Mojave Area CA hotels. Book rooms in hotels in Mojave Area California USA. Sights, attractions, wildlife, national and state parks and/or forests of California. Travel advice suggested by Camelopard. California fearsome critters, cryptozoology, ghosts, monsters, legends, hauntings, myths and folklore.
Camelopard wishes you a comfortable stay in your Mojave Area California hotel. The famous and/or historic hotels of the world are major destinations in their own right. The Mandarin Oriental Macau, the Royal Tulip Rio de Janeiro, the Venetian Macao Resort Hotel in Macau, the Hotel Baur au Lac in Zurich, the Langham Shanghai Xintiandi in Shanghai, the Grand Hyatt Macau and the Mount Nelson Hotel in Cape Town. are internationally renowned hotels.
Mammals, Reptiles, Birds and other Wildlife / Fauna of California
Numerous species of salamander, wild turkeys, elephant seals, tule elk, black bears, screech owls, California sea lions, bald eagles, woodpeckers, humpback whales, mountain lions (also called cougars or pumas), Allen's hummingbirds, chipmunks, gray whales, American avocets, otters, whip-poor-wills, turkey vultures (sometimes called buzzards), coyotes, Calliope hummingbirds, minks, Anna's hummingbirds, mule deer, white pelicans, harbor seals, skunks, bobcats, mischievious raccoons, blue whales, sea otters, California golden beavers (a family lives in Alhambra Creek in Martinez), road runners, rare Sierra Nevada mountain beavers, burrowing owls, dolphins, endangered San Joaquin kit foxes and California condors are among the wild animals of California.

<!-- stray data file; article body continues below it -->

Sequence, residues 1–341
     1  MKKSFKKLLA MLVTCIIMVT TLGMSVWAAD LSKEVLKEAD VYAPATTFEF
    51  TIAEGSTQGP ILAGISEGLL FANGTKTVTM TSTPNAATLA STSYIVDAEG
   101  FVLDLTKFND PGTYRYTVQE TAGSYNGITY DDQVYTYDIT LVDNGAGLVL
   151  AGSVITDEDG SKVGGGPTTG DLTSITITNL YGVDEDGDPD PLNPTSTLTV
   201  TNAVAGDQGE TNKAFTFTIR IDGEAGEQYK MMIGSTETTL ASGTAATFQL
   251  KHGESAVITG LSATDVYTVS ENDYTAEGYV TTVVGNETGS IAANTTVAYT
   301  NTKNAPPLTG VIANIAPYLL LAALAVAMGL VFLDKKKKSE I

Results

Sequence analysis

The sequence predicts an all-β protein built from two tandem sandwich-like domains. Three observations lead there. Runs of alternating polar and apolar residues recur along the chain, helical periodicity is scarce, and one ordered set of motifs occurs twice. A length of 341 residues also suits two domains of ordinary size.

Folklore, Myths, Ghosts, Scary Stories, Legends and Monsters in California
The reputedly haunted Room 217 of the Marriott Hotel, Long Beach; the haunted fourth floor window and other mysteries at the Ambassador Hotel, Los Angeles; Santa Paula's horned, white and hairy anthropoid, the Billiwhack Monster; the male phantom of San Diego's luxurious US Grant Hotel; the sirens, serpents and flying monsters that once inhabited Santa Barbara Island and which may, perhaps, be reawakened one day; the spirit of schoolteacher Miss Mary Lake in Room 410 of the Queen Anne Hotel in San Francisco, which was once a girls' school; the reputedly haunted Renaissance Los Angeles Airport hotel, part of the Marriott chain; and the giant lumberjack Paul Bunyan and his blue ox Babe, claimed as employees by the Red River Lumber Company of Westwood, are among the true ghost stories, myths and legends of California.
San Diego's haunted Horton Grand Hotel; the ghostly sailors of the aircraft carrier USS Hornet in Alameda; the haunted swimming pool of Ramona Convent Secondary School in Alhambra, where bathers have their legs grabbed by unseen hands (the nun in white, in the library, is more harmless); the little phantom girl who knocks on the door of Room 42 and the spectral madame of Room 33 who are among the ghosts of the San Remo Hotel, San Francisco; the blue, brain-like ETs of Palos Verdes; Kabar, Rudolf Valentino's Great Dane, who still lollops about the Los Angeles Pet Cemetery; the ghost who still makes phone calls from Room 1007 of the Paso Robles Hotel, San Francisco; and cowboys still searching for their gold in Rios Canyon, San Diego, are other legendary tales of ghosts and haunted places in California.